- At what point in your curriculum do you ensure that you model and teach your students about how to practise effectively?
- Are you confident that they are able to apply this independently? Are students engaged in their learning, and internally motivated to practise developing all skills when unsupervised (performance, composition, improvisation, listening and responding)?
- When teaching about the features of a genre or style, do you give enough time for students to practically try each one out, and embed their understanding?
- Do you provide enough material to support whole class practice time?
We all nag students about practising, but are we confident that they know how to structure practice time, and how to practise effectively?
In almost every discipline, practice features a strong element of repetition, also known as ‘blocked practice’. In football you would practice penalties. In music, you would practice a tricky phrase in a piece. Typically, this would be repeated, slowly at first where every physical component can be broken down. This is a great start, but alone doesn’t often have great results. When it really starts having an impact, is when this sort of practice is interleaved with another. For example, a series of penalties practised after a heartrate-raising warm up, and then again at the end of a passing drill. In music, we could look at a slow and considered set of repetitions of a tricky 2 bar passage, after a play through of a more straight-forward phrase or breathing/bowing/drum rudiment exercise. This interleaving allows your brain to ‘unlearn’ and then ‘relearn’ the content, moving the memory from extrinsic to intrinsic more effectively.
Legendary jazz trumpeter, Wynton Marsalis, has put together a list of the 12 steps for great practice: this is worth sharing with more advanced musicians. There’s also a good TED-Ed Video here, explaining how practice changes the brain.
Once you have provided guidance around practice to your students, if you are not confident that they will be able to work independently it is better to work as a whole class until a greater level of self-regulation has been achieved, or to keep practice time short and focused.
You would never teach a student about the theory of baking a cake without giving the opportunity to try it out. Likewise, when teaching about the features of new styles, or new compositional techniques, it is crucial that students have the opportunity to practically explore them. This may take more time, but will help to secure understanding so that the topic doesn’t require re-teaching several times. The majority of KS4 and KS5 music courses have set works, in Drama we have set texts and in Dance we have set phrases. Students must be able to practically explore this course content to internalise concepts and ideas within the course. This is another type of practice, weaved through lesson content to gain a deeper understanding.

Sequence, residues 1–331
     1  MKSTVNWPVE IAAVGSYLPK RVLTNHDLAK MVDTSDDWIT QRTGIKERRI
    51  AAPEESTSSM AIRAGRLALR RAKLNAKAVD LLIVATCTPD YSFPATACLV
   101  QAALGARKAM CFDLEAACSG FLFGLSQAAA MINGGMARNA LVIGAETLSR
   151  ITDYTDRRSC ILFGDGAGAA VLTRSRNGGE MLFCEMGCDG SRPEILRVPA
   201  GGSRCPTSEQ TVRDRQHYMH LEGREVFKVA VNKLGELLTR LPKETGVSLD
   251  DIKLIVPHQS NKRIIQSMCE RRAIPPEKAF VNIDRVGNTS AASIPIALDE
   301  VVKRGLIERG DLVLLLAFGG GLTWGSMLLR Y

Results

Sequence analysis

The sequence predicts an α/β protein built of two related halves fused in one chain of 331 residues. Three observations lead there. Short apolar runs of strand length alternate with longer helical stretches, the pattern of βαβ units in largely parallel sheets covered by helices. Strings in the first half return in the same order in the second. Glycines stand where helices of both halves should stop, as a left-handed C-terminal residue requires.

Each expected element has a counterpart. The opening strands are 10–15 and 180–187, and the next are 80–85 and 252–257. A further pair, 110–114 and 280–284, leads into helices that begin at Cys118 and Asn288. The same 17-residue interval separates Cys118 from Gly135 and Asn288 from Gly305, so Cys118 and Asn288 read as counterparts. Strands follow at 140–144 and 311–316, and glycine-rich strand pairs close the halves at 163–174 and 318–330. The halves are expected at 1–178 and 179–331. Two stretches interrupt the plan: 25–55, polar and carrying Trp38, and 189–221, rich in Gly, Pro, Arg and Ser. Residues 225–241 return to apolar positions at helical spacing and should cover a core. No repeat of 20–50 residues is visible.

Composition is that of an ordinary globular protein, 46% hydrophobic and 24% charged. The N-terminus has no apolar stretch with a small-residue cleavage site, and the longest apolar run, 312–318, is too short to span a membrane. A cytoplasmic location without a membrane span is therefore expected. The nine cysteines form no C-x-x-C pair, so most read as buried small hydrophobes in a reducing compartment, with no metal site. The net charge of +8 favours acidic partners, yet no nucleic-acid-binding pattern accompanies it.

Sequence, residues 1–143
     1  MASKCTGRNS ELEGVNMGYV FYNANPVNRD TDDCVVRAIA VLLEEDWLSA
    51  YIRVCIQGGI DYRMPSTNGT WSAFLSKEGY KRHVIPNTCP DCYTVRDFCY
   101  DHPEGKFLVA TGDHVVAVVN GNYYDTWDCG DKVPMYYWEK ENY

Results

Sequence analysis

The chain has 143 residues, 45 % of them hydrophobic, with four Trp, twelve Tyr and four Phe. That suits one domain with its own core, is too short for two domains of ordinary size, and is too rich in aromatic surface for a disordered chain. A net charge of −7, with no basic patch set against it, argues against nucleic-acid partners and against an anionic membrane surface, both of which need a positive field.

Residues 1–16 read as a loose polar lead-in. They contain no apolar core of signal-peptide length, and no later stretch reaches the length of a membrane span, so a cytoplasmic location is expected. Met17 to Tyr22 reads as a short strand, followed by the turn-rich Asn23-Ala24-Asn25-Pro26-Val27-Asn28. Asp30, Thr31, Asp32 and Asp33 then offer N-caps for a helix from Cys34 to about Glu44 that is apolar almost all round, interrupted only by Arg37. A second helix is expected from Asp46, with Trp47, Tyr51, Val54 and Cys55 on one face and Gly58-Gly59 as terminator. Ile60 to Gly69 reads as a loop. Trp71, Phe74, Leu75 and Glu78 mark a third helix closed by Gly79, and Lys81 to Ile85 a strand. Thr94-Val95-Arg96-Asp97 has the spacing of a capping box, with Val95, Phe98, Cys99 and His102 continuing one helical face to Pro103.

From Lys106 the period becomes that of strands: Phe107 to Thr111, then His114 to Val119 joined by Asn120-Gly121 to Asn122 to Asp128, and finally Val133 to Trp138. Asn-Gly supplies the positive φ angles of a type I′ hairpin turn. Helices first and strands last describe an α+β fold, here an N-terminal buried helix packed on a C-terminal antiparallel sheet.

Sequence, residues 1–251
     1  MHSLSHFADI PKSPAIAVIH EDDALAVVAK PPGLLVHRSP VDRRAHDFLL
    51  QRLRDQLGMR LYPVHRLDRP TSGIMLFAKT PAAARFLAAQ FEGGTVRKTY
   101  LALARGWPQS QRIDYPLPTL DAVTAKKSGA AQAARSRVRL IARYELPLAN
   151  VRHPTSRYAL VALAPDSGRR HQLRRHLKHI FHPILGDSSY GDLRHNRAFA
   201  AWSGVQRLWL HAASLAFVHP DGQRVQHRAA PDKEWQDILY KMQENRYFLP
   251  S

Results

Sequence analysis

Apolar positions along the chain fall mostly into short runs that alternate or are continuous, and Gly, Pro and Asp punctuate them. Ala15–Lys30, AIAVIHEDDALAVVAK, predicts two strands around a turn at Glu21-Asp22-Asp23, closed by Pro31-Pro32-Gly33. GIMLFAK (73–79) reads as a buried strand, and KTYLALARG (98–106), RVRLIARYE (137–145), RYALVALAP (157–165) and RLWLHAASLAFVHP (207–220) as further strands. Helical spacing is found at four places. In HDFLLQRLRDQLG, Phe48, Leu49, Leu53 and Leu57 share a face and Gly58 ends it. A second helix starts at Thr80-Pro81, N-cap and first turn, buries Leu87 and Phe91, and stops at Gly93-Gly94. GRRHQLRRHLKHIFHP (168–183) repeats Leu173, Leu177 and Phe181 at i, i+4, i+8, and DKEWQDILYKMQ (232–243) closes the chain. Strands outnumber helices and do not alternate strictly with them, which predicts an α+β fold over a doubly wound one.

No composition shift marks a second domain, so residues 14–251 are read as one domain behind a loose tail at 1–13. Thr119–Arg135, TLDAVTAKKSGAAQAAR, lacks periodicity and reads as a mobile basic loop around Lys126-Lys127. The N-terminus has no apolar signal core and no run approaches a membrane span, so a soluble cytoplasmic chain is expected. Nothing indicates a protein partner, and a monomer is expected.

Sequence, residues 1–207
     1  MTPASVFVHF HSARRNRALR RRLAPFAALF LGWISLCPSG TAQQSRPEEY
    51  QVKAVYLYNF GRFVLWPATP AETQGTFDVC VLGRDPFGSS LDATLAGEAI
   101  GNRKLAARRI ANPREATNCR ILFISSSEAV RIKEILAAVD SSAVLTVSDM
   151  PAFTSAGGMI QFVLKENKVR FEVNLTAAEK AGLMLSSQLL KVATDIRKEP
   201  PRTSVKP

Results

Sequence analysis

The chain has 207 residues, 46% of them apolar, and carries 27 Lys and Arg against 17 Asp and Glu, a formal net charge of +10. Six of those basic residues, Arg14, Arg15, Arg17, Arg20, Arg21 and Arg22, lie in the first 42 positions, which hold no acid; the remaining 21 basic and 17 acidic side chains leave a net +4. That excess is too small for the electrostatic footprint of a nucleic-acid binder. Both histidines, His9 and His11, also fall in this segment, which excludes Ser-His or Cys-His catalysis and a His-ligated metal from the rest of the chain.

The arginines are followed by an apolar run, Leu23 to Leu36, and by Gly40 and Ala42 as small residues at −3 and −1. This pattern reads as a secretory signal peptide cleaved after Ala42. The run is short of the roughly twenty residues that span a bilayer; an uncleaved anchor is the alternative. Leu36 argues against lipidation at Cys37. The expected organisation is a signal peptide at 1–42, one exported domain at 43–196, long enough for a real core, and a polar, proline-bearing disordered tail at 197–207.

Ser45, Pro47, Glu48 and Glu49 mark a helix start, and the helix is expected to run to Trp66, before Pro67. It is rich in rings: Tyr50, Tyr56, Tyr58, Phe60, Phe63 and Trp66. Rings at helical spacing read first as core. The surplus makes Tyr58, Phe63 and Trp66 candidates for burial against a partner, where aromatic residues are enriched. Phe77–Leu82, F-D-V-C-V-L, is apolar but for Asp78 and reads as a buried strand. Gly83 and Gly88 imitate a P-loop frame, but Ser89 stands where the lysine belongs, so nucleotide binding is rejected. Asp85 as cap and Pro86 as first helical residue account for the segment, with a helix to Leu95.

Although it is tempting to give lesson time to individual instrumental practice in KS4, the level of challenge in the new curriculum rarely allows for this: there is so much content that needs to be taught. If you must include practice time during lessons, use it to actively check in on progress, requiring students to perform to you and their peers during the lesson. Guide the warm up as a class, give out/set up metronomes for slow practice and require students to set targets for the session.
In drama, students must practice with independence as they rehearse monologues, duologues and small group script work – it’s likely that within one class there are multiple different scripts being used, each with their own challenges. Or, if the same script is being used by multiple groups, it’s important that each group is guided to prepare a distinctive interpretation. Our best teachers think carefully about the flow of these lessons:
- A warm up/ice breaker to focus the class, set the expectations for performance energy needed during the lesson
- Bespoke notes and instructions given to each individual/duo/group, although there may be a theme (vocal tone or proxemics, for example, or line-learning in chunks)
- Students read these and commit to a target for the lesson
- Students begin their practice time, teacher circulates methodically, taking notes/jottings
- Teacher allows time to watch rehearsals but doesn’t intervene. Whole class feedback given after 5-10mins, providing corrective teaching on their rehearsal technique. This could involve a group modelling their approach
And so on… the lesson ends and the teacher has a good understanding of what each group needs to work on – the next step is for the teacher to communicate how they must do this, and this comes through the notes/instructions given out in each lesson.
If students aren’t guided by you, there is a high risk that the lesson won’t have a long-term impact on their learning.
Share how you guide student practice – tweet @United_Music1 with your ideas